Consumer confidence grew again in February, driven by a more optimistic outlook for the economy and personal finances, the Discover U.S. Spending Monitor reports. Yet, despite the coming of Spring break for many consumers, expectations for spending on major personal purchases, like vacations, in the next month remained unchanged from the prior month at 12 percent.
The 4-year-old daily poll tracks economic confidence and spending intentions of nearly 8,200 consumers throughout the month reports a jump of 4.4 points from the previous month to 94.9. This is the highest level the Monitor has reached since October 2007, Discover says.
Highlights of the Discover report include:
Economic Expectations Growing, Particularly Among Men:
• Expectations for the U.S. economy are improving. For the first time since January 2011, nearly one-third of consumers, or 32 percent, believe the economy is getting better. This is 2 percentage points higher than the prior month.
• While more than half, or 52 percent, of consumers rate the U.S. economy as poor, this is the lowest level since January 2011. Only 12 percent of respondents view the economy as excellent or good, an increase of 1 percentage point over last month and 3 percentage points compared to February 2011.
• More than 35 percent of men view the economy as getting better, an increase of nearly 5 percentage points over January 2012. However, only 29 percent of women share the expectation that the economy is getting better, and this level did not change from last month.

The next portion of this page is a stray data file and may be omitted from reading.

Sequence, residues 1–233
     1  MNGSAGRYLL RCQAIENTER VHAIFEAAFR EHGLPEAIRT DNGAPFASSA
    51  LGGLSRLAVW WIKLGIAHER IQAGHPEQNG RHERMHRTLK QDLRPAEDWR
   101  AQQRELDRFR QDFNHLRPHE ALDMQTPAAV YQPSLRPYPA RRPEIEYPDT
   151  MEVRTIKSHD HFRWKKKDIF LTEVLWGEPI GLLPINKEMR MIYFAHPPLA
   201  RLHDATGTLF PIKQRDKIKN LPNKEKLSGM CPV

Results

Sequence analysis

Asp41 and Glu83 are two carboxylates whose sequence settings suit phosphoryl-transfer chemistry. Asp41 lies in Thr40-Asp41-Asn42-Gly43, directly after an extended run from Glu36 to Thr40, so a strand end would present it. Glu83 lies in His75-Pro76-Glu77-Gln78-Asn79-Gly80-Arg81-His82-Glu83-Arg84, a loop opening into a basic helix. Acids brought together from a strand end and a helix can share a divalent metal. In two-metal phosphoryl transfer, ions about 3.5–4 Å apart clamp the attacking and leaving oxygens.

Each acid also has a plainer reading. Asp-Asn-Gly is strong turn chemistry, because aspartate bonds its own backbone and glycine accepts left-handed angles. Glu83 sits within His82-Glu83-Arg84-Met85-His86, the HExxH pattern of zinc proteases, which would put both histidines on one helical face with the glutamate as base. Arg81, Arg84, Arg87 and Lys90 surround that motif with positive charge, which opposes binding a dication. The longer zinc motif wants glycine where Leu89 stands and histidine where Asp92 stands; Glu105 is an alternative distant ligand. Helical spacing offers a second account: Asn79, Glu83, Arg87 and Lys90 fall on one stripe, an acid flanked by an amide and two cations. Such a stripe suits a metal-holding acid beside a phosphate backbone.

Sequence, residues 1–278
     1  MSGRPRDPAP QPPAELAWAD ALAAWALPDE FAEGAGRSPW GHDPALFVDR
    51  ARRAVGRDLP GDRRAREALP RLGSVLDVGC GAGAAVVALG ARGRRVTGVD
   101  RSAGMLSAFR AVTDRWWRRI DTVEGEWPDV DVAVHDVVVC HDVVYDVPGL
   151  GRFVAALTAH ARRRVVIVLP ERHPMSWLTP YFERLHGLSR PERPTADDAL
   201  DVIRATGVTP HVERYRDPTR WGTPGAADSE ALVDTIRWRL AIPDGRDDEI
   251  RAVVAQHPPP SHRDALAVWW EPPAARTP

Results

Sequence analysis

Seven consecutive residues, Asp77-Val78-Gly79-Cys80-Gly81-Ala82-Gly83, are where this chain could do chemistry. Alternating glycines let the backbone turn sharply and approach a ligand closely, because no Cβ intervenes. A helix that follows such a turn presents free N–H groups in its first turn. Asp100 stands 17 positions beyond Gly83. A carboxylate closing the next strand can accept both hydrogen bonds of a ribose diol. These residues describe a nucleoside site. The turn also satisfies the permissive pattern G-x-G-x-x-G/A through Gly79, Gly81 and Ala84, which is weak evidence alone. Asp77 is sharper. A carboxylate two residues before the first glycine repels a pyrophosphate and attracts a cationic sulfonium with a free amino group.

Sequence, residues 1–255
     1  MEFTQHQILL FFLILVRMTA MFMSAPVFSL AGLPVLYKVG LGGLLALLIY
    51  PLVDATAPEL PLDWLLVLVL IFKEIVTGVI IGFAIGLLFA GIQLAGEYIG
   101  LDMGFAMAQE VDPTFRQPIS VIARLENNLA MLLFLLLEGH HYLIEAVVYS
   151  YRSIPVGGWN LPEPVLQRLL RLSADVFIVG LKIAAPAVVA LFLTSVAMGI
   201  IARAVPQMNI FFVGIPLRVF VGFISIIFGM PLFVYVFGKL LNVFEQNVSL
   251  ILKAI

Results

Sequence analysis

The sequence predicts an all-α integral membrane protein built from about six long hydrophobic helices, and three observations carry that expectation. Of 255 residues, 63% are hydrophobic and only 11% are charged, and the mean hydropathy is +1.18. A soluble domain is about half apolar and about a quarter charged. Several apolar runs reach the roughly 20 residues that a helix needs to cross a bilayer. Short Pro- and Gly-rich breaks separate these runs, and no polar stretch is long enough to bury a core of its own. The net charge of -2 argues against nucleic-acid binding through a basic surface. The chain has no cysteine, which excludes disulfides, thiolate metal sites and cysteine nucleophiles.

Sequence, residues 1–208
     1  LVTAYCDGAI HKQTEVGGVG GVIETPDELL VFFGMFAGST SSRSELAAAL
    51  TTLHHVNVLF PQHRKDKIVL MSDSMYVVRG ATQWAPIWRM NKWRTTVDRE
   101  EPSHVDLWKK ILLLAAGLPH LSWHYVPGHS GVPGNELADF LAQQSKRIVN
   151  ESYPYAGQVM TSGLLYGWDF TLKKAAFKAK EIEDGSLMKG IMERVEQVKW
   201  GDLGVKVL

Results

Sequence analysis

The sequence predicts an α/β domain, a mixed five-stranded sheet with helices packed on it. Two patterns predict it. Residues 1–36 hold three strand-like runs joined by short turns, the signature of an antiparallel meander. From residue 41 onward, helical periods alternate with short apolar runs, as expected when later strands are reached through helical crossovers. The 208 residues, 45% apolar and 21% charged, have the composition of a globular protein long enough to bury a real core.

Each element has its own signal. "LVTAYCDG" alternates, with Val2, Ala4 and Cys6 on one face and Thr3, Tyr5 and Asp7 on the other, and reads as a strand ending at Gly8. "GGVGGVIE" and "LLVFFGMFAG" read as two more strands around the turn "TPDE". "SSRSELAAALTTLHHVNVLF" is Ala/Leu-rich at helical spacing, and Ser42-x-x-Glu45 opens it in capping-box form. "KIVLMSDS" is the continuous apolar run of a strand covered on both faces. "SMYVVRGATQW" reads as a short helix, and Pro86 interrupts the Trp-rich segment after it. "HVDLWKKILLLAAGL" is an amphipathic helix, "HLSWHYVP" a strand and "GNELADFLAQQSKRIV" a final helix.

Personal Finance Confidence Reaches Pre-Recession Levels:
Consumer sentiment about personal finances continued to improve in February.
• More than 36 percent now rate their finances as either excellent or good, which is the highest figure in more than a year and a jump of 2 points from the month earlier.
• Nearly one-quarter, or 24 percent, of consumers believe their personal finances are getting better. Forty-three percent view their finances as getting worse, which is 4 percentage points lower than last month and the lowest level since October 2007.
• There were fewer consumers with higher incomes (above $75,000 annually) and lower incomes (below $40,000 annually) viewing their personal finances as worse compared to last month. These figures declined by 6 percentage points to 29 percent and 3 percentage points to 55 percent, respectively. The portion of middle-class income consumers who view their personal finances as getting worse remained unchanged at 42 percent from January 2012.
• Nearly 50 percent of consumers reported they had money in their pockets after paying bills last month, the highest level since March 2009.
Consumers Remain Cautious About Spending Intentions:
Consumers’ growing confidence in the economy and their personal finances is not substantially boosting purchasing intentions. While 28 percent say they plan to spend more next month, a 4-point increase from the month before, the most significant increase came from a spike in household expenses, such as gasoline and groceries.
• Spending next month on household expenses, including gasoline, is most likely to increase. More than 44 percent of consumers expect to spend more, an increase of 7 percentage points compared to the prior month. Gas prices are near the record high of $4.11 set in July of 2008, when more than 57 percent of consumers expected spending on household expenses to increase in the next month.
• Historically, the Monitor said it experiences an uptick in home improvement spending in the Spring. In February 2012, 14 percent indicated they plan to spend more, a 2-point increase and the highest level for the month of February since 2008.
• Nearly 10 percent of consumers expect to spend more on discretionary purchases like going out to dinner or the movies, a slight increase of 2 percentage points compared to the prior month.